All I’m going to say about the camera is this.  Great for simple things, but you can tell it isn’t an $800 phone camera.  It takes good enough pictures for documents or if you just want something to reference.  It just isn’t good enough to try and think about using it for those great family photos.  But, if you are buying this phone as a daily driver and want a super sharp camera, then I’m sorry to say that you will be disappointed. I literally carried around my Sony DSC-RX100 III for all the pictures I wanted to take of my family.  


Silent Circle Suites

The biggest thing about the phone is the ability to make secure phone calls, video calls and secured texting.  If you are in a world where secure calls and texting is super important, then this is the way to go.  Each call, video call and text is secured peer to peer.  And the way it is done pretty much gets rid of the dreaded Man-in-the-Middle attack. 

Now having said that, do I need a $800 phone to do this?  No, you can get these for any android or iOS phone for that said price of $10/month.  They work exactly the same, just on a different phone.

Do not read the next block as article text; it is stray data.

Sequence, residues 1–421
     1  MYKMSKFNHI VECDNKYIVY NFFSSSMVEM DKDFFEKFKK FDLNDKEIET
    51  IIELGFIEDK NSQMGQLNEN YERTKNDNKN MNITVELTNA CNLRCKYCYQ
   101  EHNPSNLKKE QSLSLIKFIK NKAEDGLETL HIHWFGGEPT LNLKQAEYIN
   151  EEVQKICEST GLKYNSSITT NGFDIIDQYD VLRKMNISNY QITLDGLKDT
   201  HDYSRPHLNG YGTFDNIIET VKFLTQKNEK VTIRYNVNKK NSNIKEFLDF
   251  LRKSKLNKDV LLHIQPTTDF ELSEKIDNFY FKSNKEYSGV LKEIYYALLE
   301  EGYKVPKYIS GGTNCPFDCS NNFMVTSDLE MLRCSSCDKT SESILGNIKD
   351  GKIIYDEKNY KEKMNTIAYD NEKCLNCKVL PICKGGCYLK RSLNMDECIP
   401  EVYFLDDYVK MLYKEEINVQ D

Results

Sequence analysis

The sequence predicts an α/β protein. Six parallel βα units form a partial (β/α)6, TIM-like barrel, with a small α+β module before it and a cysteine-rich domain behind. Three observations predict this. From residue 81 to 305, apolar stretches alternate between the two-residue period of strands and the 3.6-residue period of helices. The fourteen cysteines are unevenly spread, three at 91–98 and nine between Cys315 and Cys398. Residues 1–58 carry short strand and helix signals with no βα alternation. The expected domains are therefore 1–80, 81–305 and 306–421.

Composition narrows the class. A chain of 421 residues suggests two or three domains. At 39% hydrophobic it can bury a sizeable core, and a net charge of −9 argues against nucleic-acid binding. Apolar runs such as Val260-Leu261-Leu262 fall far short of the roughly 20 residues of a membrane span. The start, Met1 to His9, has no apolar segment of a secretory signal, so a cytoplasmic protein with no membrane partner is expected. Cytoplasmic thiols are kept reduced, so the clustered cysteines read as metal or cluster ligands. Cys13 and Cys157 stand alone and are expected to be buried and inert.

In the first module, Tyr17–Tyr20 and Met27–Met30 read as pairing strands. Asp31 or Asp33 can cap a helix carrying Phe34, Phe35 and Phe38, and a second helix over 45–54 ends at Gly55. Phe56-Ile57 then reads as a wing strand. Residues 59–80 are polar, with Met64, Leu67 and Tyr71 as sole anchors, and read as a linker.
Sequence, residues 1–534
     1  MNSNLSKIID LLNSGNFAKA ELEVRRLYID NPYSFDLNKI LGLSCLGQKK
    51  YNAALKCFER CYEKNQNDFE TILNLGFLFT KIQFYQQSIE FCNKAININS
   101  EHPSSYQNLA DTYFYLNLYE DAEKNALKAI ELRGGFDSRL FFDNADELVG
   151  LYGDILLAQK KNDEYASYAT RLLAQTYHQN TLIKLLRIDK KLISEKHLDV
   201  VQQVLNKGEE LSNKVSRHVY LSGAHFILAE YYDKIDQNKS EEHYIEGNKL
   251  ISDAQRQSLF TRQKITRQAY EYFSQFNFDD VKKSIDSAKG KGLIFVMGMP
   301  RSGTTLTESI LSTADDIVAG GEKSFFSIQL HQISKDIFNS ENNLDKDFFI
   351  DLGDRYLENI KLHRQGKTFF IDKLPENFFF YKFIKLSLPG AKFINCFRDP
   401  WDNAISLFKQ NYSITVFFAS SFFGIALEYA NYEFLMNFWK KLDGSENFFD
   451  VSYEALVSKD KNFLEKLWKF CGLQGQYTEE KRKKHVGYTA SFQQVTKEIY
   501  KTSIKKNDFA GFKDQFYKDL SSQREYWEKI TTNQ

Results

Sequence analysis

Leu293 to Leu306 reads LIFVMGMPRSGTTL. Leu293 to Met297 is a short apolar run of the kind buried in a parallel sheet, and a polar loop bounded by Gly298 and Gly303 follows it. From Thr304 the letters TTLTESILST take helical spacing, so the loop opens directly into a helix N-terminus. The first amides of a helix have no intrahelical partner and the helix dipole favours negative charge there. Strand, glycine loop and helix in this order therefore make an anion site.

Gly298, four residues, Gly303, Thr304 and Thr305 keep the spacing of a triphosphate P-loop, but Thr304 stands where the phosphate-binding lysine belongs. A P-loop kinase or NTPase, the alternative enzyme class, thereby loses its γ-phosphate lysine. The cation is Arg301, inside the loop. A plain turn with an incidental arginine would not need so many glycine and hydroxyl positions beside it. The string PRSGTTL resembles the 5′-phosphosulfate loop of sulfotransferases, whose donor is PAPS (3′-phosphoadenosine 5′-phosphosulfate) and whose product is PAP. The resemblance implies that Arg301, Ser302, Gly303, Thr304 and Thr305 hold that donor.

Final Analysis

For the best security with a phone, I think Silent Circle has nailed it.  It does a great job of making sure that all your data and information is secure. It does a great job of making the SilentOS seem familiar and user friendly.  It is a good looking phone.  It is simple, and understated.  Some won’t like that, because it isn’t metal or super shiny or fancy.  But this phone isn’t trying to be those phone.  So it fits right in where it is supposed to be.

Now having said that, it is a mid-range phone.  It isn’t anywhere near worth the price of $800.  This, in my opinion, should be priced around $400-$450. I had a lot of lag issues.  I had a few reboots.  And then I had times where the phone just stopped.  I know those might be a single use case scenario and that is what I’m chalking it up to be. But, still what if it isn’t? Silent Circle has done a great job of adding all the security features you want.  But, that still doesn’t make it worth the $800 in my mind.

We must remember that this isn’t targeted at your average user.  This is a business level phone.  Designed for business and their way of working.  The average consumer won’t even blink an eye at this.  But for the business person who wants that top level security, then this phone is right there at the top.

I like what Silent Circle is doing.  I like what they are trying to accomplish, but spending $800 for the phone, and then another roughly $120 for the next year, makes this a $1000 phone for two years.  And I just can’t see that as a viable solution.  Cost wise that isn’t fun.  Especially for what is essentially a decent mid-range phone.

Published in Phones